Ever feel like there aren’t enough hours in a day to get everything done?
With a full load of classes, labs to complete, and extracurriculars to attend, it can be challenging as an Engineering student to find a balance between your schoolwork and your career development.
However, there are lots of ways to make student life a little easier. Everything from the way you study to how you tackle projects can be done more efficiently and effectively with just a few simple tweaks to your current work habits.
Use these tips to help you manage this challenging, but egg-citing, lifestyle!
Keep Organized Notes
There’s a lot of information to learn in the field of Engineering – the size of your textbooks generally reflects that! To make sure you don’t get overwhelmed by your workload, you need to focus on using your time effectively. For example, you can make detailed notes while you’re doing your readings to make reviewing easier. Additionally, try to organize your work as you go, so it’s easy to find the information later.
Here are some ideas for organizing your notes:
- Sort your lab notes by unit or topic
- Make a cheat sheet of all your most important functions for each class
- Some notes are easier to handwrite than type – for example, subjects that require a lot of equations – so keep those separated
Tutor Your Peers
If you have some extra time, volunteer to tutor another student or help a friend study. Not only will this help your peers, it will also help you review the subject matter and identify any gaps in your knowledge base.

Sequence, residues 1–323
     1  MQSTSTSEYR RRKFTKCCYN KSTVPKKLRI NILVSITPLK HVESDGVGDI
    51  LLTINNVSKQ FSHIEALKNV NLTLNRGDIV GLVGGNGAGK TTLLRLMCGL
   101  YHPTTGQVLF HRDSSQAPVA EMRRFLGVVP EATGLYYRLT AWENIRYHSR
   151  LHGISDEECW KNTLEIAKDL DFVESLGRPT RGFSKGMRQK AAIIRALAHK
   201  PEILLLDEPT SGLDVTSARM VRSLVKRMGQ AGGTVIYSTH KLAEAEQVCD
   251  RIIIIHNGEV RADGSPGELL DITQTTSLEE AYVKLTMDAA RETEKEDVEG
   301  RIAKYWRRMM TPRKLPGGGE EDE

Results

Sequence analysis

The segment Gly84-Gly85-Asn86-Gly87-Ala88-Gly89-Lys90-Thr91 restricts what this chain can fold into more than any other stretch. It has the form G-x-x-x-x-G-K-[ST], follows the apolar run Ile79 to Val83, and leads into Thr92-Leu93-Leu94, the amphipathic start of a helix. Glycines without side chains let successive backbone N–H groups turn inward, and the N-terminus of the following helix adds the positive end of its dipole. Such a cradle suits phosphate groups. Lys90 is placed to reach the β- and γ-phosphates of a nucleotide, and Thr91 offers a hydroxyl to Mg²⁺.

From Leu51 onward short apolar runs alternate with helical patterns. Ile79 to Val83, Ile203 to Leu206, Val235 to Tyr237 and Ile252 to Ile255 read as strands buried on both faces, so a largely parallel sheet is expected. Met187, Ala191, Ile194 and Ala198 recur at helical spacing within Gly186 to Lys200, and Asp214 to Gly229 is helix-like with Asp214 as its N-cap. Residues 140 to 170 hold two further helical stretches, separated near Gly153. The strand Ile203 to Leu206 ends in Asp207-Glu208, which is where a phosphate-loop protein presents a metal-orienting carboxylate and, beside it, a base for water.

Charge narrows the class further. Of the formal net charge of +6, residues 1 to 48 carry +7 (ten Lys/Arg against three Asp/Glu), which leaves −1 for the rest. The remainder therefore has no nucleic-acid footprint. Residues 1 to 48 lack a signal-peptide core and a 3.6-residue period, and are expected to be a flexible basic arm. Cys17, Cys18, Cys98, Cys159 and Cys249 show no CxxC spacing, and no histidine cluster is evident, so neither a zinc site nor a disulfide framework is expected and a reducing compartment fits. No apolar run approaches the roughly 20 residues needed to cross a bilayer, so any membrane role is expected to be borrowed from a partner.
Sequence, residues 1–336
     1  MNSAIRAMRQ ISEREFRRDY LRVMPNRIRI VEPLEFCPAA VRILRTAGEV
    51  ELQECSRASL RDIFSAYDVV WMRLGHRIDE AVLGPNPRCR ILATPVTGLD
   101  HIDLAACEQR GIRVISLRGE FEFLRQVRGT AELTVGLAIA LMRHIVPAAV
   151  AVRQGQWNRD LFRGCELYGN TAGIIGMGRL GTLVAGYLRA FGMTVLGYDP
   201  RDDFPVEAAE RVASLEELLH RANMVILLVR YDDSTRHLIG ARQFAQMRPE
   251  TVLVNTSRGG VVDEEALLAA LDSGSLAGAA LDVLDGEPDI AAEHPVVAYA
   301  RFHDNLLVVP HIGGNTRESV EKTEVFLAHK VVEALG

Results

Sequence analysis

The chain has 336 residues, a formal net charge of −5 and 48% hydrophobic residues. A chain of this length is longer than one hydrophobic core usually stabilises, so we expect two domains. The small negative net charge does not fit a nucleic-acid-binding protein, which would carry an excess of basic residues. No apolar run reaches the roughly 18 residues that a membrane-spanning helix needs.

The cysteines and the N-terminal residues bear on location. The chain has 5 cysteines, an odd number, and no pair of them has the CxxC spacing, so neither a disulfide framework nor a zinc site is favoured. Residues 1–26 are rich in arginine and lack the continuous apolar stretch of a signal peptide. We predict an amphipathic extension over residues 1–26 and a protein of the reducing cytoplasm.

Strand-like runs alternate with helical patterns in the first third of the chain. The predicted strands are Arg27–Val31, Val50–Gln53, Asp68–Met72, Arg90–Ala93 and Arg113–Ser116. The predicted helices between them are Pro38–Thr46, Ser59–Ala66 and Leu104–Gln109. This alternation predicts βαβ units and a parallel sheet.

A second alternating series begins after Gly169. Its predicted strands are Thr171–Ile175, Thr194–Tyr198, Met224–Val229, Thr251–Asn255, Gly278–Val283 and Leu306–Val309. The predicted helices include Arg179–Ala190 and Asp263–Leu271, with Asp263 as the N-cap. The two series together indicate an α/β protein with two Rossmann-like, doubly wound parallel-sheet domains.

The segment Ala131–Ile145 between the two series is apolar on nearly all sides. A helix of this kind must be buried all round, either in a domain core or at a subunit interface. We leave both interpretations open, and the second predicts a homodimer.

In addition, Engineers often have to explain their work to people outside of their profession – teaching someone else is egg-cellent practice for explaining complex concepts using layman’s terms. In fact, even among colleagues, Engineers need to be able to summarize an idea, and this activity is a great way to prepare for that.
Take Diverse Courses
The Engineering industry needs professionals with diverse skill-sets, so don’t limit yourself to your core requirements. For instance, taking an architectural design course can help you learn how to represent information visually. Or, if you want to practice your communication skills, see if your school offers a professional writing course.
You might also consider studying outside of your specialization. For example, you can aim to pursue a career in Mechanical Engineering and still take a Biomedical Engineering course. Diversifying your knowledge will help you collaborate with others more easily once you’re practicing in the field. Additionally, learning about how other types of Engineers approach different situations can help you develop your own problem-solving skills.
Build Your Portfolio
Some Engineering students tend to skip over this tip simply because they can’t find the time. However, it’s very important that you start building your portfolio when you’re still in school.
Try to participate in as many hands-on projects as you can, particularly those outside the classroom. If you have trouble finding these opportunities, use your university’s resources to find initiatives you can join. For example, Engineering competitions are egg-cellent opportunities for students to practice their skills, demonstrate initiative, and show their passion for the field. Plus, they’re fun!
Planning ahead is a great skill to have, and you’ll be thankful for it later. These tips and tricks can help you make the most of your time and develop your skills along the way.